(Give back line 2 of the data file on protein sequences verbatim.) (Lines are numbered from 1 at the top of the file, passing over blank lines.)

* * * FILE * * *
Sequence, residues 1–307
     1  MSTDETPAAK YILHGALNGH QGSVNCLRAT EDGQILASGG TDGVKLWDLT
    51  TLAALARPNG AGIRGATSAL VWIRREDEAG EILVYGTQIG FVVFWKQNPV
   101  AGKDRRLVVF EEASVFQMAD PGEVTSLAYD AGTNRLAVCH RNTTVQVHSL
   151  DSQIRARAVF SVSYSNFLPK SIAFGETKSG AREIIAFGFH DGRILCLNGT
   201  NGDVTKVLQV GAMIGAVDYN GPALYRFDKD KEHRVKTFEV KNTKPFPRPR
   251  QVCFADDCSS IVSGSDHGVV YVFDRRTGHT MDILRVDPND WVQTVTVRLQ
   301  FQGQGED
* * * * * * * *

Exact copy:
     1  MSTDETPAAK YILHGALNGH QGSVNCLRAT EDGQILASGG TDGVKLWDLT